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Intelligence- Are Academic grades a measure of ones abilities? Watch

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    Greetings users of TSR! I decided to create this thread because I am intrigued by the concept of Academic grades being the deciding factor in a persons personal intelligence and abilities. The question I pose is: Do you think a persons Academic grades would determine their own intelligence as such? What does everyone think?

    As individuals of an expanding Academically fueled world, what do you as potential prospective HE students think?

    Personally speaking, I think that a persons grades do not reflect their true potential. Because a person could score very low in their English GCSE lets say, but be among the most well-written individuals in their constituency.

    From a personal point of view also, I think that everyone low or high scoring students should be given 'free reign' over what Education they can attain. As opposed to offering the 'best' candidates the best places. Although fair play, these students work hard and have 100% determination I agree with this, and so they deserve a good university place. Nevertheless, the shy, the outspoken, the academically challenged, the brightest should all be given places at any given university. There should be more of an acceptance towards the whole broader range of students. For example, those students which tend to fail exams and who don't prosper in traditional settings in education should be granted places at any university, as long as they posses the commitment and the passion to show/prove their causes. I think that some teachers in schools do favour the students perceived to be more intellectual, which is in essence morally wrong. I think this is the reason, that the students sink into more of a depression over their own educational experiences, and additionally they are being neglected in my opinion.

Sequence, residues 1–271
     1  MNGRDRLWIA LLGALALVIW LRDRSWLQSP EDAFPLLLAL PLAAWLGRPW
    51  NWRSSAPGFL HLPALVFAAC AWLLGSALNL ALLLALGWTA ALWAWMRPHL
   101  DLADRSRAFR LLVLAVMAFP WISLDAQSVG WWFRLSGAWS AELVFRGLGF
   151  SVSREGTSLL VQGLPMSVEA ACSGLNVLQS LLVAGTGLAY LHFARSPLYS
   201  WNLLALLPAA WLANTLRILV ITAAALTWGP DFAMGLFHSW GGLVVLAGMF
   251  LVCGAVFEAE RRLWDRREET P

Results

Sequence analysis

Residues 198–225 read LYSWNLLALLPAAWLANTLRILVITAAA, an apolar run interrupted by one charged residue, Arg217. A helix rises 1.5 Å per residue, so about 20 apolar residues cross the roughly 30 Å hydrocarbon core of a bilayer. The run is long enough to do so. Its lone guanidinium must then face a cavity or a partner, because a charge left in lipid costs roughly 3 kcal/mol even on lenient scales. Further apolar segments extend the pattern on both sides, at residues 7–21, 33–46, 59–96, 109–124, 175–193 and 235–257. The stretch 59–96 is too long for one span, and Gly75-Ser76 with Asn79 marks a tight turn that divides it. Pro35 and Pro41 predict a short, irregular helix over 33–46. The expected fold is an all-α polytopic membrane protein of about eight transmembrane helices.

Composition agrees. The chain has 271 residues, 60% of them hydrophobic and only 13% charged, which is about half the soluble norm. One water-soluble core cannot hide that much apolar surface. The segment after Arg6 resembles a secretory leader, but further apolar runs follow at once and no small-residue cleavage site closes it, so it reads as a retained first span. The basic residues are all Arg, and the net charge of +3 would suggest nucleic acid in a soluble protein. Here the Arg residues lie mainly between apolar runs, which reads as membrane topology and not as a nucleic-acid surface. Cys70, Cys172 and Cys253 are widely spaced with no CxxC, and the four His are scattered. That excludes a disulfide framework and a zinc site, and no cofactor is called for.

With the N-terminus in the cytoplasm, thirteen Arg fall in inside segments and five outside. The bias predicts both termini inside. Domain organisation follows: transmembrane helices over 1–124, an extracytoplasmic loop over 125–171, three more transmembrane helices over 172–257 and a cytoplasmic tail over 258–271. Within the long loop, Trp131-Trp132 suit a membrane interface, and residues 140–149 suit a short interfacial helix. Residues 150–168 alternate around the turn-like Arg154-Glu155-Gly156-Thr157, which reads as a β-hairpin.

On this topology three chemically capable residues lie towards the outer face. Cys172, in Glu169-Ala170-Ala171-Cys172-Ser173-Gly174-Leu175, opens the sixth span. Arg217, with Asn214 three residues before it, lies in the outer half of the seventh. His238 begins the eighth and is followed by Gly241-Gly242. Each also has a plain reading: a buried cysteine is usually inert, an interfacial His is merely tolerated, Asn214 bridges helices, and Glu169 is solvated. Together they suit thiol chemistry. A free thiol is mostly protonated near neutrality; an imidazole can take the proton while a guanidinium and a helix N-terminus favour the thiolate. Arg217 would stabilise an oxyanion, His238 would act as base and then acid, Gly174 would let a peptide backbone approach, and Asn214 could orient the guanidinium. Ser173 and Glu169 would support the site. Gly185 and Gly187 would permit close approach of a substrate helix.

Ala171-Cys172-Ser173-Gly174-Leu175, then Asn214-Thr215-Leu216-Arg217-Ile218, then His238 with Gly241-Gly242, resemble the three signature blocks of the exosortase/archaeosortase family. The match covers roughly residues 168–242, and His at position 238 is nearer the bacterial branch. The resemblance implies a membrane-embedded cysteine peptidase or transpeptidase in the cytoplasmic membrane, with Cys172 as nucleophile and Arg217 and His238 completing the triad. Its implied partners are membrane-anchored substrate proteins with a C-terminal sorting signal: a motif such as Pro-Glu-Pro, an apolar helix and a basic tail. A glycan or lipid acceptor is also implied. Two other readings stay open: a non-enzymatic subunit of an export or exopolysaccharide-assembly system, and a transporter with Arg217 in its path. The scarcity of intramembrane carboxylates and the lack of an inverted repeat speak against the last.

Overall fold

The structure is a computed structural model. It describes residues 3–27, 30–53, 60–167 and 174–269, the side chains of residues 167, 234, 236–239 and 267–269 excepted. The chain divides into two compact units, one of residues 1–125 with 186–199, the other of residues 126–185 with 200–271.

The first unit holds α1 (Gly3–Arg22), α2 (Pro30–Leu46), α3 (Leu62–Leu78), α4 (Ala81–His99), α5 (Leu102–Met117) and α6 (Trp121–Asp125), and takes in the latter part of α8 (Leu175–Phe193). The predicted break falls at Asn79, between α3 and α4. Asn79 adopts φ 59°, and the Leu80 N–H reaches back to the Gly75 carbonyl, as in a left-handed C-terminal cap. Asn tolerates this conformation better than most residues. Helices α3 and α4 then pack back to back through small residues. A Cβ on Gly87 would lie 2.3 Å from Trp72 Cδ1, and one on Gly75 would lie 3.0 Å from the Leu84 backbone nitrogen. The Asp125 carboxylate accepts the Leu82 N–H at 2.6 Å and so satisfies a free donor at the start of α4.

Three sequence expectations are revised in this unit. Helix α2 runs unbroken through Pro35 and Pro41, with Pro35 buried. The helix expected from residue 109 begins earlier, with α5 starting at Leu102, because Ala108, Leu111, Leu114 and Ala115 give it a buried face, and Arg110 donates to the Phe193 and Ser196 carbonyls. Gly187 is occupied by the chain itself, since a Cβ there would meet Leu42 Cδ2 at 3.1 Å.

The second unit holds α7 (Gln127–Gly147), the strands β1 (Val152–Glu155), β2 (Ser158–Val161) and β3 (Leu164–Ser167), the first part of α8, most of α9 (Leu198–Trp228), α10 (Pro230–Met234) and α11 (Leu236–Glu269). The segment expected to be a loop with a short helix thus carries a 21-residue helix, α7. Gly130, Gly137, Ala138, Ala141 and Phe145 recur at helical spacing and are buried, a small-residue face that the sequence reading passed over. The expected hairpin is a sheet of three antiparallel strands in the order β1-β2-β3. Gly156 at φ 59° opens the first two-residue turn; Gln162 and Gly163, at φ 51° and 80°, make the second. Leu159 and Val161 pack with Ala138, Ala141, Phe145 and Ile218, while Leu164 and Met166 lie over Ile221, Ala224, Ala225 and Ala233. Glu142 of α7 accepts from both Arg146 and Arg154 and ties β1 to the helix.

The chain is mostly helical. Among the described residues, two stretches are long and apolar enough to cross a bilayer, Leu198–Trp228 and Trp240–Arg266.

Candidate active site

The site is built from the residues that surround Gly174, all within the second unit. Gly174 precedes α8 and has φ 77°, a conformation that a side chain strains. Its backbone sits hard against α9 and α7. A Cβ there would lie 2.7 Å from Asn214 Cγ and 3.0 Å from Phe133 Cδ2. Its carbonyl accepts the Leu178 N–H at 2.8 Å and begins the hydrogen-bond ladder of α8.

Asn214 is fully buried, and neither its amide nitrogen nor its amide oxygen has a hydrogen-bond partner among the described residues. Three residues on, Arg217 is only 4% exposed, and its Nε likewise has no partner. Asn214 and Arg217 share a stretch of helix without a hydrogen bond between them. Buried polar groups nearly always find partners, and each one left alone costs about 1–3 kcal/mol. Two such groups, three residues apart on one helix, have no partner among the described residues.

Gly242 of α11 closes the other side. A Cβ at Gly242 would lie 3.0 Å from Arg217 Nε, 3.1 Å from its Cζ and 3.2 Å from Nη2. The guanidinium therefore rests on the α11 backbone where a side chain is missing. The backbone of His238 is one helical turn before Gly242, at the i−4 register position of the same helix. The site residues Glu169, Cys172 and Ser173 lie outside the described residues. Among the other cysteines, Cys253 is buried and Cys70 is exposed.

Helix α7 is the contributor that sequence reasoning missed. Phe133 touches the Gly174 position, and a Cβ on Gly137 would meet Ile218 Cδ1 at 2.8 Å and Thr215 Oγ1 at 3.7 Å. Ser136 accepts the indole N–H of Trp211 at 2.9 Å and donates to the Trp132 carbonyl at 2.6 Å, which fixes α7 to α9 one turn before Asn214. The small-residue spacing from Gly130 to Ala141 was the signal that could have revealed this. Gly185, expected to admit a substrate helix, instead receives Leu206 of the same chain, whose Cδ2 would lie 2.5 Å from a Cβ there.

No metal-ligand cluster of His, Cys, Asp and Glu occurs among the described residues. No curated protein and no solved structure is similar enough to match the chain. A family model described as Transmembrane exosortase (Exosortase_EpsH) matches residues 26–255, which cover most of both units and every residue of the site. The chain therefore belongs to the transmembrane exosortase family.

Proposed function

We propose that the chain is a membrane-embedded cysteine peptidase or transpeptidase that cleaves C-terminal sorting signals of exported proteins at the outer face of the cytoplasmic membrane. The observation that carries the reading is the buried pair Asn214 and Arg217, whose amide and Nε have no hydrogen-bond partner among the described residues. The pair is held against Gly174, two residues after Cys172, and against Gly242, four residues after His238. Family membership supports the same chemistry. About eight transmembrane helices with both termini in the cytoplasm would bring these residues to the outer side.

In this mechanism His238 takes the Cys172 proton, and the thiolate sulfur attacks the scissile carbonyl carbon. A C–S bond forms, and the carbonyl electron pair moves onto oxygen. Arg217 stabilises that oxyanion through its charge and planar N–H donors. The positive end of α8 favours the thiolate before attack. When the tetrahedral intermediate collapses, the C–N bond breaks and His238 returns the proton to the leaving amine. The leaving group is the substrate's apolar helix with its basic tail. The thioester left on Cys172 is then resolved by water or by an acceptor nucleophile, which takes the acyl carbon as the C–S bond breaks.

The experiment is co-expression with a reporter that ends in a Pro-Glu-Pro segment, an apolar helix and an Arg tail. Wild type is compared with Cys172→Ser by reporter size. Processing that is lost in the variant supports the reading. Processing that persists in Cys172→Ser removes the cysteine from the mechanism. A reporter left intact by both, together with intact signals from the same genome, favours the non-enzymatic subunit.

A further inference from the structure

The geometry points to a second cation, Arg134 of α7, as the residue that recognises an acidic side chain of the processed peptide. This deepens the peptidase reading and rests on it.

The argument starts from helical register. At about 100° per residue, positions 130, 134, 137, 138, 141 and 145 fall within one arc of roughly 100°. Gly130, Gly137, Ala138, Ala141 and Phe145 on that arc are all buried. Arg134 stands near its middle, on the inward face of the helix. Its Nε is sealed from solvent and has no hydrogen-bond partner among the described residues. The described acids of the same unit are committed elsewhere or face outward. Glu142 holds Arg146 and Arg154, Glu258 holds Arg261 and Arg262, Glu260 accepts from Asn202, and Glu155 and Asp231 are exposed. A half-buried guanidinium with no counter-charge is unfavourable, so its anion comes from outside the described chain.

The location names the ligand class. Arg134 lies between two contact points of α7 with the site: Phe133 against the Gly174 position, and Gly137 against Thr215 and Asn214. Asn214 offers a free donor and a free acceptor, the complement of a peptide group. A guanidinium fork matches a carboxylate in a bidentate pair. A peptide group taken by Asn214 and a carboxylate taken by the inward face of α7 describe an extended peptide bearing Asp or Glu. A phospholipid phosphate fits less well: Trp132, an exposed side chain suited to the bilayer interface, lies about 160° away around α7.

In conclusion, because these lesser performing students are been ignored they don't learn nor prosper any further. I think that those professionals in education should take steps to reintroduce and encourage teaching of all students, regardless of social class. Because although people may say that this used to happen decades ago (about the smarter candidates been nurtured and others ignored)- it still happens, but isn't noticed as much.

    Most importantly, I think every one individual is clever as such, in their own way. Some are arrogantly inclined about been clever, some outspoken and some very reserved and only express themselves in writing.

    ---
    Peoples thoughts and opinions greatly appreciated?

    Thanks for reading, Ashley.
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    Nope. Everybody getting A's left, right and centre. It's all about hard work and practice, knowing the exam technique and remembering your stuff.
    I don't completely agree with your post. But I agree when you say people have different talents, but not everyone should uptake the acedemic route tbh.... Some people are just less acedemic than others, and more value should be given to things like apprenticeships. I'm pretty sure I'd be on one if I weren't pressed into going to uni like now!!
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    Well done for wasting your time writing some bull**** nobody is going to read.

    Also, if anybody says "IQ tests" - your mum is a whore.
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    Big question, just from my own experience I don't think they are directly correlated to each other, I mean I meet lots of people who get excellent or very good grades, some of them are very intelligent both academically and socially, whereas some may have lots of knowledge of these certain subjects but are completely uninspiring in conversation and you just get a feeling they can just hold knowledge but not actually be intelligent and have proper original ideas.